The story: Named after its first successful, full-service drugstore, located on Broadway between Duane and Reade Streets in Manhattan, Duane Reade is uniquely New York. The retailer operates more than 250 drugstores in the city and throughout the state. However, Duane Reade wanted to reposition itself as a store with a pharmacy, versus just a drugstore, in order to better meet the lifestyle needs of New Yorkers. To do so, it started on a massive repositioning, including redesigning its stores, its brand mark and its private label packaging.
The challenge: The previous store brand packaging looked dated and inconsistent. In some categories the packaging didn’t communicate the product quality properly, while in other categories it tried to mimic the appearance of the national brand. To compete more effectively, the retailer realized its packaging needed a new look exclusive to Duane Reade.
The goal: The retailer turned to its fellow New Yorkers at strategic branding consultancy CBX to create new packaging for its national brand equivalent products that would better address consumer needs, enhance shopper loyalty, support the company’s new position in the marketplace and communicate quality and value. And in doing all that, the packaging also needed to be eye-catching, easy to shop and reflect New York.
The solution: Initially, designers planned to equip each package with a custom New York-themed UPC code. But when the overwhelming number of SKUs became an issue, they decided to take another route with the concept. In order to maintain a New York-centric attitude and do something unique, designers developed large artwork for the front of the packaging using UPCs. The numbers beneath the bar code imagery are correct, but the UPC images are not scannable. Instead, they function to present a unique depiction of New York landmarks like The Statue of Liberty, the Brooklyn Bridge and the Empire State Building. And although this UPC-like packaging doesn’t have a brand name, its graphics are the reason designers refer to the line as “skyline.”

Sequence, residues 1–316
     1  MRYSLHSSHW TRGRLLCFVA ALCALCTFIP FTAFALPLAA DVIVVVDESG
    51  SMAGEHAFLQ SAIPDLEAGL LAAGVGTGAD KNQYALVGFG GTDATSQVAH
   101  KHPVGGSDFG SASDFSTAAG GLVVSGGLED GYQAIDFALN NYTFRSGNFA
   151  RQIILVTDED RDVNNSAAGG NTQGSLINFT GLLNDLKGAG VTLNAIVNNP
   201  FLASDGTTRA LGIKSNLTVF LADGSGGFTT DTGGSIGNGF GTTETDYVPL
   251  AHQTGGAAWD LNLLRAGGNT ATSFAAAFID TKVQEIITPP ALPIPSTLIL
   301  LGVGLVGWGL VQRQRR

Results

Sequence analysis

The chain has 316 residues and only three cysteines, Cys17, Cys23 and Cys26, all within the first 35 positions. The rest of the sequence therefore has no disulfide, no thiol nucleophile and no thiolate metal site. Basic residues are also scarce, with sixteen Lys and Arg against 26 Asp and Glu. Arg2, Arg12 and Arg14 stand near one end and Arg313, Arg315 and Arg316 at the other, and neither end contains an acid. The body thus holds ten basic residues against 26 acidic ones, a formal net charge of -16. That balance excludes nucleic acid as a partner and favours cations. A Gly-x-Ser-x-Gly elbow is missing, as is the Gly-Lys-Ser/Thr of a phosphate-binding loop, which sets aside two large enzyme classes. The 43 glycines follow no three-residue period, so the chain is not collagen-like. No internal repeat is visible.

“One of the biggest things that was leveraged was the New York sense of style and New York attitude,” says Todd Maute, managing partner at CBX. “This was all about making it quick and easy for the consumer to find and identify that this is a [product] brought to you from a New York retailer.”
The packaging features a white background with the New York-themed imagery taking up most of the real estate on the front panel. Product descriptors in lowercase font are the next largest item on the packaging, making the products as easy to identify as possible. And bright colors on the right edge of the packaging aid in variety differentiation. The new design was created to convey value and quality. It appears across multiple categories including bottled water, paper plates and salty snacks.
“Duane Reade’s remarkable transformation has been guided by several clear and actionable points of strategy,” says Joe Jackman, acting chief marketing officer, Duane Reade, Inc. “Easy, rewarding, and uniquely New York.”
The results: Since the products launched in October 2009, private label penetration has almost doubled, sales are up and brand awareness has been significantly heightened, Maute reports. Plus, the “skyline” brand water is now the best selling water in the entire bottled water category in Duane Reade stores.
This issue of Packaging Strategies highlights how companies can move ahead during these unprecedented times; package printing innovations, and a case study on one printer creating lunchboxes for frontliners; how best to choose FFS equipment; advanced analytics with Big Data; ready-to-heat vegan dishes answering consumers call and more.